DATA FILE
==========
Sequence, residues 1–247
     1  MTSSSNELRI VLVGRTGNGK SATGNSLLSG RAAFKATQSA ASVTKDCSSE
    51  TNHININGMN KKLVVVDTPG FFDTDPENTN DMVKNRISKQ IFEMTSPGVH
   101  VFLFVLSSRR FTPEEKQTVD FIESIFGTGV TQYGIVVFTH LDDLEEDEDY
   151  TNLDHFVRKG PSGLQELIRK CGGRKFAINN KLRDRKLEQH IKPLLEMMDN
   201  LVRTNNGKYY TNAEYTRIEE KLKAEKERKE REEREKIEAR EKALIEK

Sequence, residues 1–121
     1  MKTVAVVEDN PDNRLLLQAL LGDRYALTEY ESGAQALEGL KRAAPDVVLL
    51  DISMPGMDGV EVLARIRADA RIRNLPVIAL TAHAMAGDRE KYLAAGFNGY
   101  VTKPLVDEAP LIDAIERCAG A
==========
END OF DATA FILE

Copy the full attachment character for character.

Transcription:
Sequence, residues 1–247
     1  MTSSSNELRI VLVGRTGNGK SATGNSLLSG RAAFKATQSA ASVTKDCSSE
    51  TNHININGMN KKLVVVDTPG FFDTDPENTN DMVKNRISKQ IFEMTSPGVH
   101  VFLFVLSSRR FTPEEKQTVD FIESIFGTGV TQYGIVVFTH LDDLEEDEDY
   151  TNLDHFVRKG PSGLQELIRK CGGRKFAINN KLRDRKLEQH IKPLLEMMDN
   201  LVRTNNGKYY TNAEYTRIEE KLKAEKERKE REEREKIEAR EKALIEK

Sequence, residues 1–121
     1  MKTVAVVEDN PDNRLLLQAL LGDRYALTEY ESGAQALEGL KRAAPDVVLL
    51  DISMPGMDGV EVLARIRADA RIRNLPVIAL TAHAMAGDRE KYLAAGFNGY
   101  VTKPLVDEAP LIDAIERCAG A